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Rust, Carbon, Paint Measurement Devices/Technique

07/31/2011 1:25 PM

i am searching for some technique or device to measure the rust on a component , carbon collected due to oil and grease application over a period of time. I actually searching for something that can quantify rust, or carbon deposition on a metal surface. Please share information, if anybody know in this regard

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#1

Re: rust, carbon, paint measurement devices , technique

07/31/2011 1:45 PM

Check out ultrasonic film gauges

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#2

Re: Rust, Carbon, Paint Measurement Devices/Technique

07/31/2011 11:04 PM

Weigh container (beaker) and then Weigh component and container. Wash part with diethyl ether or acetone until all organics are removed. Weigh beaker alone after all ether and acetone are gone. Burn off beaker to vaporize the oily greasy residue. Allow to cool. Weigh beaker. Subtract original beaker weight.The difference is of rust and or ash removed in the ether process. The next to last weight minus the original beaker weight is weight of all oily greasy pick up plus rust and ash. Difference between these will give you weight of oily greasy contaminants. I am using weight/mass concept interchangably here. For ease of communication. Milo It goes without saying that the difference in weight between original contaminated component and final cleaned component is also eight of lost residues plus whatever loose rust comes off during procedure. Milo

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#3
In reply to #2

Re: Rust, Carbon, Paint Measurement Devices/Technique

08/02/2011 2:18 PM

this process can help us in telling the oil, greasy components, but is it possible to measure the rust, carbon content with some device and then quantify it with some unit. Actually, i have a chemical to clean old oil, grease treated, rusted and painted components, but that chemical sometimes partly clean the component and sometimes completely. I actually want to define the chemical capability with respect to rust, carbon, and paint thickness on the component. With this, i will be able to predict, whether this component will be cleaned or not

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#4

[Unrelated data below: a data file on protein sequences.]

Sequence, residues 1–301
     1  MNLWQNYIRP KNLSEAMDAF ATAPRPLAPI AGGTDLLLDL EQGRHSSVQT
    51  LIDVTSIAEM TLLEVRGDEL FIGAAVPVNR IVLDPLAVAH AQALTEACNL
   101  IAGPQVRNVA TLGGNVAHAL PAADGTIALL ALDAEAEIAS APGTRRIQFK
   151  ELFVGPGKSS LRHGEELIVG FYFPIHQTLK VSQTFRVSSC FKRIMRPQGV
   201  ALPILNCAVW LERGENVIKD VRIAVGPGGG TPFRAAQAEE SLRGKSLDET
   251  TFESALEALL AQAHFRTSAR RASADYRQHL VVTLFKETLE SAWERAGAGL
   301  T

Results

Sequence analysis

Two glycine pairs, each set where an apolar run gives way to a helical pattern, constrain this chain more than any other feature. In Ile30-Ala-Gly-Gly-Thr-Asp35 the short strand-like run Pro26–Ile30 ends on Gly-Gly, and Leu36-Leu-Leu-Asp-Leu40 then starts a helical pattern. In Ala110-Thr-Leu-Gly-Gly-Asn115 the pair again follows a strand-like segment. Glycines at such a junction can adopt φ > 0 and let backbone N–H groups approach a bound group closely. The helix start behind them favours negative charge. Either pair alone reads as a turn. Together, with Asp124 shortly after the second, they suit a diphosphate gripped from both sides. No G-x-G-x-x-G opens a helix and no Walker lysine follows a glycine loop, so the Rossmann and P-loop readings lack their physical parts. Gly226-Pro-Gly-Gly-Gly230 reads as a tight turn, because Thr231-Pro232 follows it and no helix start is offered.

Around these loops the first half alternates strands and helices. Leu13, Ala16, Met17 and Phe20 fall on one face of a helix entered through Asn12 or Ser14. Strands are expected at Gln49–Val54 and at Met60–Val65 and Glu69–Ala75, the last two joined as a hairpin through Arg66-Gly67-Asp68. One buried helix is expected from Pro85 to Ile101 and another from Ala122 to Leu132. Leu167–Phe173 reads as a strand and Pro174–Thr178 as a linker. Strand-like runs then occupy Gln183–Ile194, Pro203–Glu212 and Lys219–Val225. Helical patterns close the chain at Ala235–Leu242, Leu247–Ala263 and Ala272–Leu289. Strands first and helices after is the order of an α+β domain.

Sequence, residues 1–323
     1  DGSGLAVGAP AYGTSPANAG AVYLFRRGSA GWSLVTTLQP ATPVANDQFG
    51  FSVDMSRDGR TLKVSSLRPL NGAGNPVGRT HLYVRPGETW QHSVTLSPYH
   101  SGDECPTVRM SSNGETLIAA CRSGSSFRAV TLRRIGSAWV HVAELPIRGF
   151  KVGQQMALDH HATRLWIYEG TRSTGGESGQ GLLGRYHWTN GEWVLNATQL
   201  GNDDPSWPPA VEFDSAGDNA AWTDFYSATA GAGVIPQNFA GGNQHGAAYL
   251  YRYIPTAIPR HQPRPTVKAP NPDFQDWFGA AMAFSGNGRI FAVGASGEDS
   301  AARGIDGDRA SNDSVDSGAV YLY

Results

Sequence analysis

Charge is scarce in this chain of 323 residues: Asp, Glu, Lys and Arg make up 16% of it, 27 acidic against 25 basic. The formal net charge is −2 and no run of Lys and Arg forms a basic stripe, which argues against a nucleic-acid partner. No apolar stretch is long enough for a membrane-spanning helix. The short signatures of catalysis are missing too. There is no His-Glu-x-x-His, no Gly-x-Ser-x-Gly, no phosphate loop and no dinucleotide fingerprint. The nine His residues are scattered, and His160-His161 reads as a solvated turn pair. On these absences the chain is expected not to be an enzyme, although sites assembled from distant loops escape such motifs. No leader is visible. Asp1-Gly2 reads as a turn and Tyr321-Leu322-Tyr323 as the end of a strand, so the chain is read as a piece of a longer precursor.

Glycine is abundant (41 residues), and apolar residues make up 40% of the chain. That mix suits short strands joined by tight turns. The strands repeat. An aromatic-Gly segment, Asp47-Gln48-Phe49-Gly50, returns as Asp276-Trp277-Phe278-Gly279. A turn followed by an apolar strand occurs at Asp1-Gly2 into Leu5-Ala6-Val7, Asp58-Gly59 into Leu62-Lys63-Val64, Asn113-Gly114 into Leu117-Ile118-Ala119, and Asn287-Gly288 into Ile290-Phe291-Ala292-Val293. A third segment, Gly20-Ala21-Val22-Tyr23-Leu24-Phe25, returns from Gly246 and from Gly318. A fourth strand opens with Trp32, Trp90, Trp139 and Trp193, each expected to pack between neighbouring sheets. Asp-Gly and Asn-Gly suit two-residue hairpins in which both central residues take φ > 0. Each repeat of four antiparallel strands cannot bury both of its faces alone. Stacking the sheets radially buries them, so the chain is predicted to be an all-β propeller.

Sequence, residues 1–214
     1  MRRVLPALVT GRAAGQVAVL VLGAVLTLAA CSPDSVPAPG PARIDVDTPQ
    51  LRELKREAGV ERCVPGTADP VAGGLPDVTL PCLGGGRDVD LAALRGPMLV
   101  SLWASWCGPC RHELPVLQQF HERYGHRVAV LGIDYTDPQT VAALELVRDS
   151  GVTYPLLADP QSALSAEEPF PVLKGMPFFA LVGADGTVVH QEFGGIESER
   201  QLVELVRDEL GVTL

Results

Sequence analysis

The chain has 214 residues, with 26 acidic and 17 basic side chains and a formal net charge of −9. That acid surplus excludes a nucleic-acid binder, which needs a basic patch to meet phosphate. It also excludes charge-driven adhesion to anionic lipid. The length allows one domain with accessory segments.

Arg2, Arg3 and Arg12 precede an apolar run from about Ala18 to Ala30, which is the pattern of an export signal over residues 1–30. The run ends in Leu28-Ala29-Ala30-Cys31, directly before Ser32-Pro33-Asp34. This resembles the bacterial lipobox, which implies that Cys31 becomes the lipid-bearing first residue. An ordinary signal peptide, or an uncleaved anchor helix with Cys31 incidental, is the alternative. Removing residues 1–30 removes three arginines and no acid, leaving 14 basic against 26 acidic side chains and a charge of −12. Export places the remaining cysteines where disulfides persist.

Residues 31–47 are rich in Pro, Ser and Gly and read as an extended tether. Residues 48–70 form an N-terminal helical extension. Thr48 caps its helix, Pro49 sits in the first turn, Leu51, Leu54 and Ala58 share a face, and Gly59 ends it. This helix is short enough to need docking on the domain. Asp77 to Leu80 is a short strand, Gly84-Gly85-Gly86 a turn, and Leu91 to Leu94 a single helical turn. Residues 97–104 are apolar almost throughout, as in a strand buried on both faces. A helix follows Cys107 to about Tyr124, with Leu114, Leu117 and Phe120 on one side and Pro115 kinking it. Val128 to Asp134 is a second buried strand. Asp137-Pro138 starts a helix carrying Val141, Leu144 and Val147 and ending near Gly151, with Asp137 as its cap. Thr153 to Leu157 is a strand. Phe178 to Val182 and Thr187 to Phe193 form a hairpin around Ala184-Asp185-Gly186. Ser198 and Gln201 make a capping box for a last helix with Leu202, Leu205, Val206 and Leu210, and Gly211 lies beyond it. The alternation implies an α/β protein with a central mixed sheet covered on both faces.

In reply to #3

Re: Rust, Carbon, Paint Measurement Devices/Technique

08/02/2011 2:27 PM

Carbon content is not your issue, the amount of rust is , as I understand it.

How do you want to know the Rust- by mass (weight) or thickness?

And how many is in a lot, and can you afford to destructively test or not?

I cannot tell you how to measure thickness of rust non destructively, save by using a micrometer prior to brushing off grinding rust, then remeasuring.

Or weighing, acid pickling, then reweighing.

All of a sudden you now have paint on the component too?

Milo

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#5
In reply to #4

Re: Rust, Carbon, Paint Measurement Devices/Technique

08/03/2011 2:05 PM

i can only do non destructive testing, and i am looking out for thickness measurment, and i think there are some devices available which can measure the thickness , but i am not sure. Paint was there, it some how didn't come into disscussion, Its like, a component once painted, when used for a long time, now got contaminated with rust and carbon, and now i need to make it free of rust, carbon and paint, and make it back to casting surface, or machining whichever is applicable Problem is, i can not estimate whether it will get cleaned or not, unless i clean it. I want to do an inspection of component before cleaning which can quantify these parameters like that by thickness. Paint thickness, i feel can be measured, but rust and carbon???

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#6
In reply to #5

Re: Rust, Carbon, Paint Measurement Devices/Technique

08/03/2011 2:49 PM

I think that you are asking the wrong question. If you want to get back to bare metal, the answer is you can shot blast, glass bead blast, dry ice blast, or sand blast and make all those surface items go away. Set up some trials and determine standard processing times per square foot (meter) or for par tdisplacement in cubic inches(centimeters).

Then use those to build your quote.

best regards.

Milo

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#7
In reply to #6

Re: Rust, Carbon, Paint Measurement Devices/Technique

08/04/2011 8:41 AM

yeah that is true, but blasting time will also differ with the level of rust or any other contamination. I have tried shot blasting on one component, but that time differs with level of contamination, how can we generalise it only with area. Even in that case, if i am right then i need to measure contamination before the process. On some components, i have a constraint for blasting, so i need to treat it with chemical only

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